I have recently embarked upon the seventh decade of life. I have come to recognize the brief snatches of grace that flit across my life. They come unbidden; they arrive when I am surrounded by intact natural communities – vibrant and thriving and full of innate power.

Yesterday, biking through Witham Oaks, I pierced the veil of care and worry that blankets everyday life.

The woody community was chuck full of fat breathing lichen, a forest of gray-green. Birds moved in flashes on both sides of the path and chorus frogs, robins, and chickadees took over from the traffic noise of the road. A red-shouldered hawk watched me pass by its perch 20 feet high in an ash tree.

Yellow-rumped warblers flew into the air like wind-blown leaves as they snatched invisible (to me) insects. Bright water flowed through rushes and grasses. From deep in a brier clump, a song sparrow sang so hauntingly of springtime that I stopped, transported.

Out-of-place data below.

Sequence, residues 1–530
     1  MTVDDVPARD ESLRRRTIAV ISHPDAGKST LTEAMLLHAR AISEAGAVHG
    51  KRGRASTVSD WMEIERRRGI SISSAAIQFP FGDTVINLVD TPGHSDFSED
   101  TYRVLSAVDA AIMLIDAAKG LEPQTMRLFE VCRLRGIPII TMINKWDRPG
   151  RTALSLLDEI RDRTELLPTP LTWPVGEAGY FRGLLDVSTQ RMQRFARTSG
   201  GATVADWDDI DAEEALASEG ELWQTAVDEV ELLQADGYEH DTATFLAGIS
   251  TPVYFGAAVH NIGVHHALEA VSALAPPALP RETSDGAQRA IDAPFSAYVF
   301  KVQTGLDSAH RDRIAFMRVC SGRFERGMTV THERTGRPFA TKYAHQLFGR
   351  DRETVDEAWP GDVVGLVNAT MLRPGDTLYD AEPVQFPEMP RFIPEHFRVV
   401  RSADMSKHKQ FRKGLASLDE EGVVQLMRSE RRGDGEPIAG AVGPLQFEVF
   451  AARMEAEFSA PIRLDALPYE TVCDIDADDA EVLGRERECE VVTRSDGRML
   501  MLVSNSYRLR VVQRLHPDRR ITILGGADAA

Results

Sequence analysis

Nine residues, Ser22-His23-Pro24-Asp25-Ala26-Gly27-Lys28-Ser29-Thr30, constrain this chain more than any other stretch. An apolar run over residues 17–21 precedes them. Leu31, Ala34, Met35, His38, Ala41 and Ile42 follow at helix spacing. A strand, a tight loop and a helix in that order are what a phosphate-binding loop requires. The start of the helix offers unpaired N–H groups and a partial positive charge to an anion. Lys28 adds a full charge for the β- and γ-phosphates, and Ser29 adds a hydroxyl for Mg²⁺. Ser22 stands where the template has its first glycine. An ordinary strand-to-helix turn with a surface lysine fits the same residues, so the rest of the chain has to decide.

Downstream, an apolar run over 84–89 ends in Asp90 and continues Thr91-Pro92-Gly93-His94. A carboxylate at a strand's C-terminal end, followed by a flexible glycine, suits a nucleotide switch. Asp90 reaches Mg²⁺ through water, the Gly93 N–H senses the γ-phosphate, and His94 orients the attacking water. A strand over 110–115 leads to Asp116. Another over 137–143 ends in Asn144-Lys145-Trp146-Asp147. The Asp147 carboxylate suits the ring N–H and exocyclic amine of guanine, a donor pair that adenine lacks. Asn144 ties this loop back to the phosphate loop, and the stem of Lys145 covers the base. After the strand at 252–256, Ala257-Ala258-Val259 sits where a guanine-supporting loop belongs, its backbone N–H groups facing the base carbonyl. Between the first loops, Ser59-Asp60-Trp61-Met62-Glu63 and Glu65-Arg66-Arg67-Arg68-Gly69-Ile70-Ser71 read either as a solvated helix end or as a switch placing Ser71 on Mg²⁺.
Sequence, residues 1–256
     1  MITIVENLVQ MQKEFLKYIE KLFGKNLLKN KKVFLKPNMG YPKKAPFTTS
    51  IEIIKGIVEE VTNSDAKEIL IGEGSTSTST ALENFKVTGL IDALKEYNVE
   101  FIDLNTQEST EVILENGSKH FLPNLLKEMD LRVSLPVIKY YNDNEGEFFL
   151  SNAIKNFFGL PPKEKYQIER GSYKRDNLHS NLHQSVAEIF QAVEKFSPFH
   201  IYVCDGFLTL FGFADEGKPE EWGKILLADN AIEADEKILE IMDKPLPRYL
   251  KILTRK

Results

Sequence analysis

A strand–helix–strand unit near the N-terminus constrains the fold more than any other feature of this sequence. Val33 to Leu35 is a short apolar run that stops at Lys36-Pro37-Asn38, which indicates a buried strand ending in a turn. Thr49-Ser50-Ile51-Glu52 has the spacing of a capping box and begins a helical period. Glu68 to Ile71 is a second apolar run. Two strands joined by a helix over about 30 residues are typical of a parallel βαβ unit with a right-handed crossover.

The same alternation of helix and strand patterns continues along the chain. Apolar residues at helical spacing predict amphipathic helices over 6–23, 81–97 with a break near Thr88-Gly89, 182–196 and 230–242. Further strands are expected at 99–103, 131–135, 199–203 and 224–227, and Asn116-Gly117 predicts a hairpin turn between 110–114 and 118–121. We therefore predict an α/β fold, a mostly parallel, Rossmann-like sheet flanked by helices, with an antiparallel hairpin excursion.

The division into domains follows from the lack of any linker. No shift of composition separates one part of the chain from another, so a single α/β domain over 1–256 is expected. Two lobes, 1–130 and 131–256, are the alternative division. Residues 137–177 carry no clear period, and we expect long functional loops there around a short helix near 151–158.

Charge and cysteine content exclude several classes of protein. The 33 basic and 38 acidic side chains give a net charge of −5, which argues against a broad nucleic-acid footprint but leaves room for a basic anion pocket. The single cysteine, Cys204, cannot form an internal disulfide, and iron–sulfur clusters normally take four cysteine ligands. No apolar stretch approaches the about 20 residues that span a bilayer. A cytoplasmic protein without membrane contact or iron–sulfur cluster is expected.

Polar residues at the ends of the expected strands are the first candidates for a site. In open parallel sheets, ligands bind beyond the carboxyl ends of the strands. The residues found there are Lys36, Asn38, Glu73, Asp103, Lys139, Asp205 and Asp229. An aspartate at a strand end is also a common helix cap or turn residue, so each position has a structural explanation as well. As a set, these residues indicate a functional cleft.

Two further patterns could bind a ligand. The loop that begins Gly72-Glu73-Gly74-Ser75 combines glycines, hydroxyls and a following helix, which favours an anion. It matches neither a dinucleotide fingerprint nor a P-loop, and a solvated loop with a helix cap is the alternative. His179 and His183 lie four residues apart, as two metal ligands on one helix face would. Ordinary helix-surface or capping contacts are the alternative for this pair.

I had about given up on encountering a very special friend as it is one of the smallest and earliest nesting species here in the Willamette Valley.

I have found this jeweled delight in Witham Oaks for several years. Happily, I again heard the unmistakable scratchy song of Anna’s hummingbird. And there it was, atop a feral fruit tree, perky although the air temperature was 50 degrees cooler than its tiny body. A moment of grace. A tiny, magnificent manifestation of the value of keeping friends close.

Please help preserve Witham Oaks.

Howard Bruner, Corvallis

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